It is common for social workers to be presented with a crisis situation brought forth by clients, families, communities, and/or organizations. The ultimate goal is to restore the client to equilibrium. The five stages of the crisis are (1) the hazardous event, (2) the vulnerable stage, (3) the precipitating factor, (4) the state of active crisis, and (5) the reintegration or crisis resolution phase.
There are times when a social worker will use more than one theory to assist in conceptualizing the problem and intervention, particularly if the theories complement each other. For example, resiliency theory can be used alongside crisis theory.
To prepare: Review and focus on the same case study that you chose in Week 2.
By Day 7
Submit a 1- to 2-page case write-up that addresses the following:
- Map the client’s crisis using the five stages of the crisis.
- Describe the client’s assets and resources (in order to understand the client’s resilience).
- Describe how you, the social worker, will intervene to assist the client to reach the reintegration stage of the crisis. Be sure that the intervention promotes resiliency.
- Evaluate how using crisis theory and resiliency theory together help in working with a client.
Crisis Theory and Resiliency Theory
Social workers are constant faced with challenges requiring them to apply knowledge and theory to resolve the issues. One of such areas is crisis intervention. In light of this, this paper applies a crisis and resiliency theory in the case study of Jake Levy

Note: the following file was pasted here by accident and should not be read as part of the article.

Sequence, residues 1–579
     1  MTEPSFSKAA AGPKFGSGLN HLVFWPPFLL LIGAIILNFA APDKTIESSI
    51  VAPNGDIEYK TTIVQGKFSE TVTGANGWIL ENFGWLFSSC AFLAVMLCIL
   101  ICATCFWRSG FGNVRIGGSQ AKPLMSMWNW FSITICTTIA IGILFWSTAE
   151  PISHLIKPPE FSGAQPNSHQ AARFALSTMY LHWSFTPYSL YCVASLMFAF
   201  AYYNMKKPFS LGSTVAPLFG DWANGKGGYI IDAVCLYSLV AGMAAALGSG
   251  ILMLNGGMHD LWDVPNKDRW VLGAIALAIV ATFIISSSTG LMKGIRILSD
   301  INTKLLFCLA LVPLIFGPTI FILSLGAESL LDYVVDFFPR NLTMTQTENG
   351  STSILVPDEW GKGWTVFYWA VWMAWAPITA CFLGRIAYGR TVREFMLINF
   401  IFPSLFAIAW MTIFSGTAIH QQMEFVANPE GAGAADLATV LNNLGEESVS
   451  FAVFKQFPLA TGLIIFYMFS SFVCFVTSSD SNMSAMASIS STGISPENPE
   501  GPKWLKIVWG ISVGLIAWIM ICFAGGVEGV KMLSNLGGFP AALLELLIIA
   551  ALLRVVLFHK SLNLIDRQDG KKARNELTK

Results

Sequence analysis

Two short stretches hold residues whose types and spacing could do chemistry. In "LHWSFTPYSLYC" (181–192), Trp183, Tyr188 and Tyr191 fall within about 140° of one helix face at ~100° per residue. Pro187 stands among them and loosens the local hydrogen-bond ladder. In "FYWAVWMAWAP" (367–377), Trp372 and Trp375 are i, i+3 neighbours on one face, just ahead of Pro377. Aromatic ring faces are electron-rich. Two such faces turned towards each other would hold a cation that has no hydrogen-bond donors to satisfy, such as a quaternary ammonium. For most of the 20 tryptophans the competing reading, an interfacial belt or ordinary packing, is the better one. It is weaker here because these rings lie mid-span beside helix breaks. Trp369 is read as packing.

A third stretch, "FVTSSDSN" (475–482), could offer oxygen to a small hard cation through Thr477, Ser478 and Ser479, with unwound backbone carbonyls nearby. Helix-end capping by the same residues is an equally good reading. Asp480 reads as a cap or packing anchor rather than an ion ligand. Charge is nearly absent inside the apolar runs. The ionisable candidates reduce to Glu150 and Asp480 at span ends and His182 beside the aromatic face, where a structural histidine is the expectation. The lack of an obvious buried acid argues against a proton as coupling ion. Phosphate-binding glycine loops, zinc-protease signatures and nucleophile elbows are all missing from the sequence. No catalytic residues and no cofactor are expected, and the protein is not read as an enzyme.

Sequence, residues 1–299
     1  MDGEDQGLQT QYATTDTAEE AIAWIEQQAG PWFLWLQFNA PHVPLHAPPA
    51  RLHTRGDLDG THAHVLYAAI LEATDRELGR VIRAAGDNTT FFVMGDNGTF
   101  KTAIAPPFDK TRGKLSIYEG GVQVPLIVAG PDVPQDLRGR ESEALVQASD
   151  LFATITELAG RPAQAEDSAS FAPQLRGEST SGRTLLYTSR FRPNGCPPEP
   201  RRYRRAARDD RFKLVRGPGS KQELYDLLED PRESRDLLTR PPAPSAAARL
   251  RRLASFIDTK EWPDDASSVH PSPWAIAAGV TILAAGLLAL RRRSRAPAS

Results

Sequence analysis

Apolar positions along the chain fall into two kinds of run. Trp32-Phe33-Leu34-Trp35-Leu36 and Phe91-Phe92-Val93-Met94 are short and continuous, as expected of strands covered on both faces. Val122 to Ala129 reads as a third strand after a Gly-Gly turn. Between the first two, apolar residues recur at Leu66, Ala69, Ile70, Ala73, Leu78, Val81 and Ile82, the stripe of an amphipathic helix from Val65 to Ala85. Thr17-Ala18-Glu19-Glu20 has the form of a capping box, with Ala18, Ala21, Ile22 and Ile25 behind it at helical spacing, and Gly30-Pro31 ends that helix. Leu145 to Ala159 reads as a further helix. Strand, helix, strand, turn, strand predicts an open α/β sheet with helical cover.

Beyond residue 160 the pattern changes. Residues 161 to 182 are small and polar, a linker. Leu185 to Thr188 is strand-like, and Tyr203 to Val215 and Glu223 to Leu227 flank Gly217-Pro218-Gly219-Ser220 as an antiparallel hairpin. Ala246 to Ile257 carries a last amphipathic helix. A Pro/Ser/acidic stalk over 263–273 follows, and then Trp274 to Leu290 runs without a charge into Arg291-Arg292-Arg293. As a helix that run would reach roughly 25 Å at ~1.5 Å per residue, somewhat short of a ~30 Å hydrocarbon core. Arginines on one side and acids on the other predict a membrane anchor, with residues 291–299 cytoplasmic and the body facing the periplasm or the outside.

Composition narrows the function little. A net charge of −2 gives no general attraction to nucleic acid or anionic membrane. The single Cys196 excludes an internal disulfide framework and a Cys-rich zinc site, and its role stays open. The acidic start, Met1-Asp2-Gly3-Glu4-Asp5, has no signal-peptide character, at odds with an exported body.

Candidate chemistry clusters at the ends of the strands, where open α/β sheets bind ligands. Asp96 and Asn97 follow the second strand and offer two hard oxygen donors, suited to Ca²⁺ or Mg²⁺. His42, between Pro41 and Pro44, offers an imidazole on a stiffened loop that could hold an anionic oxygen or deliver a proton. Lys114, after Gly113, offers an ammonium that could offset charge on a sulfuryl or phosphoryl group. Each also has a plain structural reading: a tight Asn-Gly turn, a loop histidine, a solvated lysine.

Map the client’s crisis using the five stages of the crisis
The case study selected in week 2 is that of Jake Levy a 31-year-old who was an Iraq war veteran. In light of this, the case of Jake can be mapped into the following stages.
The Hazardous Event: This is an event that is stressful and disrupts one’s equilibrium resulting in a series of actions and reactions (Turner, 2017). In the case of Jake, the stressful circumstances include being deployed in Iraq, which exposed him to traumatic events. The stressful circumstances have triggered reactions such as flashbacks and nightmares of the events that occurred in the war.
The Vulnerable State: The vulnerable state is when Jake returned to civilian life 10 months ago, and he has been experiencing challenges with sleeping, moodiness, and frequent heart palpation. He is unable to use his usual coping mechanism and states that he will never feel normal again. The transition phase makes him more vulnerable to mental health issues as he finds it challenging to integrate or resume the civilian way of life.
The Precipitating Factor: This is a state that turns a vulnerable state into a crisis (Turner, 2017). In the case of Jake, his vulnerable state is turned into a crisis by the alcohol and constant fight with his wife. He also fears losing his family which further turns his state into a crisis….Click link below to purchase full tutorial at $10